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Chicago Sinfionetta kicks off 25th season with surprise

Music Director Mei-Ann Chen will lead Chicago Sinfoniettits seasopener Sept. 29 Naperville. | Rich Hein~Sun-Times

Music Director Mei-Ann Chen will lead the Chicago Sinfonietta in its season opener on Sept. 29 in Naperville. | Rich Hein~Sun-Times

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Chicago
Sinfonietta

♦ 8 p.m. Sept. 29

♦ Wentz Concert Hall, 171 E. Chicago Ave., Naperville

♦ Tickets, $10-$50

♦ (630) 637-7469;

northcentralcollege.edu/showtix

Updated: October 29, 2012 6:39AM



Audience members at the Chicago Sinfonietta’s first concert of the new season — its milestone 25th season — will want to pay close attention to the opening number.

That’s because astute concert goers will be in for a fun surprise , teased Sinfonietta Music Director Mei-Ann Chen. And that’s all she would say on the subject, except to promise that this wasn’t going to be a “stuffy classical concert,” by any means.

“It’s going to be visually very stimulating; combining performing art with the repertoire we love,” she said. “I would encourage the audience to be on time, because you don’t want to miss what will be one of the most talked-about topics from that concert.”

The Sinfonietta opens its 25th anniversary season at North Central College in Naperville on Sept. 29 with “Performance. Art.” The 8 p.m. concert features a collaboration with the Brooklyn-based, high-energy chamber ensemble Project Trio comprised of a flute player, cellist and bassist who blend classical training with a wide array of musical styles; including jazz, hip-hop and rock. Floutist Greg Pattillo has, in fact, invented a way of beat-boxing on the flute that will leave jaws hanging open.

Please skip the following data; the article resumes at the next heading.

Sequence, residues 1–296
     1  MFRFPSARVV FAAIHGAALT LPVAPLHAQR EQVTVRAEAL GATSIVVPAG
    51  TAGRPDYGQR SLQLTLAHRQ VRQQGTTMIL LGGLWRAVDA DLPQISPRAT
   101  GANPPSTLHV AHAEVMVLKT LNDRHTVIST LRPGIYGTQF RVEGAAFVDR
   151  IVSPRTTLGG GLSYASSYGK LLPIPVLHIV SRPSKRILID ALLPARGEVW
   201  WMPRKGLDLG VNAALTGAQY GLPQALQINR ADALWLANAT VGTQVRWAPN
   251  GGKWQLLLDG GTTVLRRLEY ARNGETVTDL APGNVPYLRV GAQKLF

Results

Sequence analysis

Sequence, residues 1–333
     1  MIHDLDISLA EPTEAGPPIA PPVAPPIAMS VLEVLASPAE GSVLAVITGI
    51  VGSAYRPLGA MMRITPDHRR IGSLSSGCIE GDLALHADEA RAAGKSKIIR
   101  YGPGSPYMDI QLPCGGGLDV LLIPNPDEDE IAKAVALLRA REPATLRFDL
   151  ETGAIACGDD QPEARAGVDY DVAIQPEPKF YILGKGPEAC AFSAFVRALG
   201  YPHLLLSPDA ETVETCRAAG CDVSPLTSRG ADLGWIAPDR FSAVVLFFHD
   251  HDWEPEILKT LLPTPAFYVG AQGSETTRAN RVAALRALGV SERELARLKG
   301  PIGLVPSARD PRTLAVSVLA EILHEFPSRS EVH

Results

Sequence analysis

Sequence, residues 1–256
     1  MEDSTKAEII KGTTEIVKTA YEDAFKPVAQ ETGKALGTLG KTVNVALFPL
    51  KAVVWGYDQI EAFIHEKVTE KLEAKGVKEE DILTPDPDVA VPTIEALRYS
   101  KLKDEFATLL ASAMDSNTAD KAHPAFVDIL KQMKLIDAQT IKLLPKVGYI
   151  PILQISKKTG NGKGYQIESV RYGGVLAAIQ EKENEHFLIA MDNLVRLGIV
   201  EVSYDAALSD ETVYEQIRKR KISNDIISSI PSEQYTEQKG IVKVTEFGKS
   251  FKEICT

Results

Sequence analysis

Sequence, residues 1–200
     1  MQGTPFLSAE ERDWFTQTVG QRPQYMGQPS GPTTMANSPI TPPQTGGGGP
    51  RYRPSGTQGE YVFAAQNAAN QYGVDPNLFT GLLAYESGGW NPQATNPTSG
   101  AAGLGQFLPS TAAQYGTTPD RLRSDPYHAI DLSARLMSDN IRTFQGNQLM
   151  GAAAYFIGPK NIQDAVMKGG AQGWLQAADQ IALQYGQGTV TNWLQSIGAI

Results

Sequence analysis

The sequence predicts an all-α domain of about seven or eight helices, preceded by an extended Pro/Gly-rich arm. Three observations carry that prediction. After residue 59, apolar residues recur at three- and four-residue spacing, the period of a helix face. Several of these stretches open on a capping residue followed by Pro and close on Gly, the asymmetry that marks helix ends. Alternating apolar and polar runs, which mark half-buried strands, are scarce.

Chen credits the Sinfonietta’s executive director, Jim Hirsch, with discovering Project Trio on YouTube.

“They are so unique, and when you see them perform, there’s so much energy and so much creativity going on that you’re just drawn to them,” Chen said. “Classical music has come to a place in history that we have to think of new ways of making it interesting to other people. Sometimes, it is combining a little bit of a twist or thinking completely outside the box. They are playing the flute, the cello and the bass, and yet they are creating this new genre and these new possibilities.”

The evening’s program features Johannes Brahms’ one-movement work Hungarian Dance No. 5, followed by three performances by Project Trio both with the orchestra and on their own, including “Fast and Random Roads”—two works composed by its own members — and an unusual take on J. S. Bach’s “Bourree” from Suite in E Minor for Lute.

The second half of the program will open with Israeli composer Avner Dorman’s “Spices, Perfumes, Toxins!”

“You can’t beat that title,” Chen said. “This is a piece he collaborated with … percussionists that captured the characteristics of their culture in Isreal.”

The concert culminates with “the ultimate virtuosic piece,” Igor Stravinsky’s Firebird Suite.

“This is the ballet that put him on the musical map, if you will,” she said. “There’s so many difficult passages in this piece. It’s a wonderful piece to showcase the virtuosic aspects of the orchestra.”

Annie Alleman is a local free-lance writer.



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